The two molds 20,22 are identical and rotated by 90 degrees with respect to each other. Alternative techniques to create the chambers are also possible, such as abrasive powder machining, sandblasting, micro-electrical discharge machining, laser ablation or injection moulding.
The top chamber 20 is open at the top side of the substrate, and optionally also at the bottom side in the region of the reservoirs (if the mold is punched through).
Four ink reservoirs are inserted at the ends of the two chambers in the lateral cavities, and this is shown in
The purpose of the reservoirs is to hold the pigment particles inside in the absence of electric fields (i.e. suppressing diffusion), while only if a sufficiently large electric field is applied, the charged pigment particles can move and be able to leave the reservoir. The porous material can be created by local polymerisation of high molecular weight polymers. Such polymers are known for example from US2002/0180687 to create a “shear thinning” rheological effect, exhibiting a high viscosity for the low shear stress (in case of diffusion) and a low viscosity for high shear stress (in case of migration).
In this way, diffusion is suppressed, while migration is still possible under the influence of electric fields. Alternatively, this suppression can also be achieved by making use of particles that exhibit intrinsic bistability, for instance by reversible coagulation or sticking to surfaces.
The chambers (i.e. the main chamber areas and the lateral cavities) are then filled with transparent insulating oil, for example dodecane or isopar-G, and covered with electrode plates.
The column electrodes 14 a,14 b are in direct contact with the upper chamber and overlap the cyan and yellow ink reservoirs 40 a,40 b. Preferably, the porous or sponge-like material of the reservoirs is limited to the inside of the chamber and does not make direct contact with the column electrodes.
The row electrodes 12 a,12 b are in contact with the bottom chamber, overlapping the black and magenta reservoirs but again preferably without direct contact.
The side branches of the column electrode overlap the black and magenta reservoirs of the lower chamber, and the branches of the row electrodes overlap the cyan and yellow reservoirs of the top chamber. Thus, each row/column overlap is associated with a different ink reservoir.
In this preferred example, the mold is not punched through, such that the branches 12 a′,12 b′,14 a′,14 b′ of the electrodes are not in direct contact with the ink reservoirs but separated by a thin layer of the substrate material. It has been shown that a coating between the electrode and the suspension can create an electrical threshold. The thin layer of substrate thus functions as such a coating, or alternatively the polymer of the porous or sponge-like material can provide this function. In either case, the particles inside the reservoirs only start moving when a sufficiently strong electric field is applied between the corresponding column and row electrodes.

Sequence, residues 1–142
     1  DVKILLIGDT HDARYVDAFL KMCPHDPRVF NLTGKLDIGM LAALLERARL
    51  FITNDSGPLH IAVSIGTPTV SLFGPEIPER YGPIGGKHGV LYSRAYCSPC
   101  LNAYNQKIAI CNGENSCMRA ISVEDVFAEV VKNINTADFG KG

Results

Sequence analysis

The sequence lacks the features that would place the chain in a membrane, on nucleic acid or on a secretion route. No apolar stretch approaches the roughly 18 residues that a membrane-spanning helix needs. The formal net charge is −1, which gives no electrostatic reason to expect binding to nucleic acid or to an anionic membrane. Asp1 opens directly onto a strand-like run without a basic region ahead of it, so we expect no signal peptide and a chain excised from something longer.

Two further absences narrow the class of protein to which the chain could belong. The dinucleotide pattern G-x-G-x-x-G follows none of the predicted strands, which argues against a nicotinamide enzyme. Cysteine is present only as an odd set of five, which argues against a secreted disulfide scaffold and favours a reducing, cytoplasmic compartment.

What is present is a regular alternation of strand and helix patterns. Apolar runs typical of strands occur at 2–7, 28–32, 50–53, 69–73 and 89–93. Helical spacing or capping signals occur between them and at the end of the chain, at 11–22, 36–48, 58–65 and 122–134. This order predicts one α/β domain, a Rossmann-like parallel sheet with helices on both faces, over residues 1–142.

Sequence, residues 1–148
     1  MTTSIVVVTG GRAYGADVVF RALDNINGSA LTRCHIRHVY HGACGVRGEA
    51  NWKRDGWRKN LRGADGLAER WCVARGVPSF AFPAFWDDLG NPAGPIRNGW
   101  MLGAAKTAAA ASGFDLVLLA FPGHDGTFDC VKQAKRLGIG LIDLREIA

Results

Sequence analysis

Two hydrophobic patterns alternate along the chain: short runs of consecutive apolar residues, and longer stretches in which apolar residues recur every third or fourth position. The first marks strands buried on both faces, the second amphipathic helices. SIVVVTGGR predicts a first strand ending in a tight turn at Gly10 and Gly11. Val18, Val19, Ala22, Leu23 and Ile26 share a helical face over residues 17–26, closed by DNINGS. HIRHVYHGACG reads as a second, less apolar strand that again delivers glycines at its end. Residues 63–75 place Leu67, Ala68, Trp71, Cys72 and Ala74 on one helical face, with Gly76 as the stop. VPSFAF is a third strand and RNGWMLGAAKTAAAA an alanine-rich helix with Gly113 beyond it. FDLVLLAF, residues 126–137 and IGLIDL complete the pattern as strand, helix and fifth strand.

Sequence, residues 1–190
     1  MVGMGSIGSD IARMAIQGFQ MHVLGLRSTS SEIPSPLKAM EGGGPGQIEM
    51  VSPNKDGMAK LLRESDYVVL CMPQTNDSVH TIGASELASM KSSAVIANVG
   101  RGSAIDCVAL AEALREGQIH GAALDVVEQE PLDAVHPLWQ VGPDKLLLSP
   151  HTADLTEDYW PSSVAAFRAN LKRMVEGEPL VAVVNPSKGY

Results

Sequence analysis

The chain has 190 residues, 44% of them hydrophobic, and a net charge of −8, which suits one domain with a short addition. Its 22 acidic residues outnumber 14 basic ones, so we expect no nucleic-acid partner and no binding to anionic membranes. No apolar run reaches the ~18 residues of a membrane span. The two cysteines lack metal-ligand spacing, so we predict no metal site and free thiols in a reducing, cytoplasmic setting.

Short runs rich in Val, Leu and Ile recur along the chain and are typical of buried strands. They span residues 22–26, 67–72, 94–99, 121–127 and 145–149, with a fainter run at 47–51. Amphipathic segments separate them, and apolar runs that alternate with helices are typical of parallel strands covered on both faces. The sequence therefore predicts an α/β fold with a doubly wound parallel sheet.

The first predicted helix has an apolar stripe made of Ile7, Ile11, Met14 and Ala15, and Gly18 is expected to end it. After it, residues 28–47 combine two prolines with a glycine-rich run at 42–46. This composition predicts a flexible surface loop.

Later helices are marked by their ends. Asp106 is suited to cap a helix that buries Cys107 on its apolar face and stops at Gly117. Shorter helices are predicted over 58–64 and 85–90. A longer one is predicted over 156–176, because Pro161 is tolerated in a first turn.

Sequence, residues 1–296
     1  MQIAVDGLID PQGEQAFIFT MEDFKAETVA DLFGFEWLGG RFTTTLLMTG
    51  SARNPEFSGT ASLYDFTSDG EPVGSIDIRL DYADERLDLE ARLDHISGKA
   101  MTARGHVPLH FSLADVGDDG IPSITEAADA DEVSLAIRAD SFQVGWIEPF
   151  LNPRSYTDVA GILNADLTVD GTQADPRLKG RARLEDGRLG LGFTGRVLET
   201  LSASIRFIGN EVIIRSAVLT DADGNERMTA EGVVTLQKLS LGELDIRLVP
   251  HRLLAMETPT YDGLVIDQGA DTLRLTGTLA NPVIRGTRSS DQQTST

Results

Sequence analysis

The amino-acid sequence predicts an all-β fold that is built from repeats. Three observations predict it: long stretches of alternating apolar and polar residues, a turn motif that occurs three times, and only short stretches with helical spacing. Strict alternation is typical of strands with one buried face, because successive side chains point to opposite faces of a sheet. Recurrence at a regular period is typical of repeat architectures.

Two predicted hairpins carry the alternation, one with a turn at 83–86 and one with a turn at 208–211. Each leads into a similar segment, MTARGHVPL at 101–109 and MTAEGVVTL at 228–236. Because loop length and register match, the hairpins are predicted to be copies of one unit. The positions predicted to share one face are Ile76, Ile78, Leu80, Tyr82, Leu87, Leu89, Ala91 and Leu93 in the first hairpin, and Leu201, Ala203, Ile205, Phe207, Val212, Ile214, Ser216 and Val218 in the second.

The material of the electrodes can be a non-transparent conductor, and preferably is a black metal (for instance black chrome) such that the ink reservoirs are not visible to the viewer.
Finally, the electronic paper display can (optionally) be completed with an external reflector, on the bottom side close to the chamber with black and magenta ink reservoirs.
The way in which the display can be driven will now be explained with reference to
The driving of a single pixel will be discussed. The pixel consists of 2 row electrodes contacting the bottom chamber with black and magenta particles, and these are denoted R1 and R2 for simplicity. There are 2 column electrodes contacting the top chamber with cyan and yellow particles, and these are denoted C1 and C2 for simplicity.
The boundaries of the chambers are indicated with rectangles 80 as shown in
The following principles hold:
The combination of these two effects makes it possible to control the particles in the visible part of the chambers in-plane by applying a modest voltage on a pair of row or column electrodes, and to store the particles in the reservoirs by applying a sufficiently large voltage on the appropriate combination of a row and column electrodes.
In this way, the visible part of the pixel can be controllably driven to fill with any desired combination of cyan, magenta, yellow and black particles, such that any desired colour can be created with high brightness.
The driving procedure consists of a reset phase and a writing phase. Before the reset phase, the pixel has been controlled and is in a hold state. This hold state is shown in
The reservoirs are labeled in
When the same drive conditions can be applied to the other pixels as the pixel being driven, it can be seen that a shared drive phase can be used.
The reset phase drives all particles to their corresponding reservoirs. This is done by first separating the particles in both chambers by their polarities, as shown in
For the following explanation it is assumed that the magenta and yellow particles are negatively charged and the black and cyan particles are positively charged.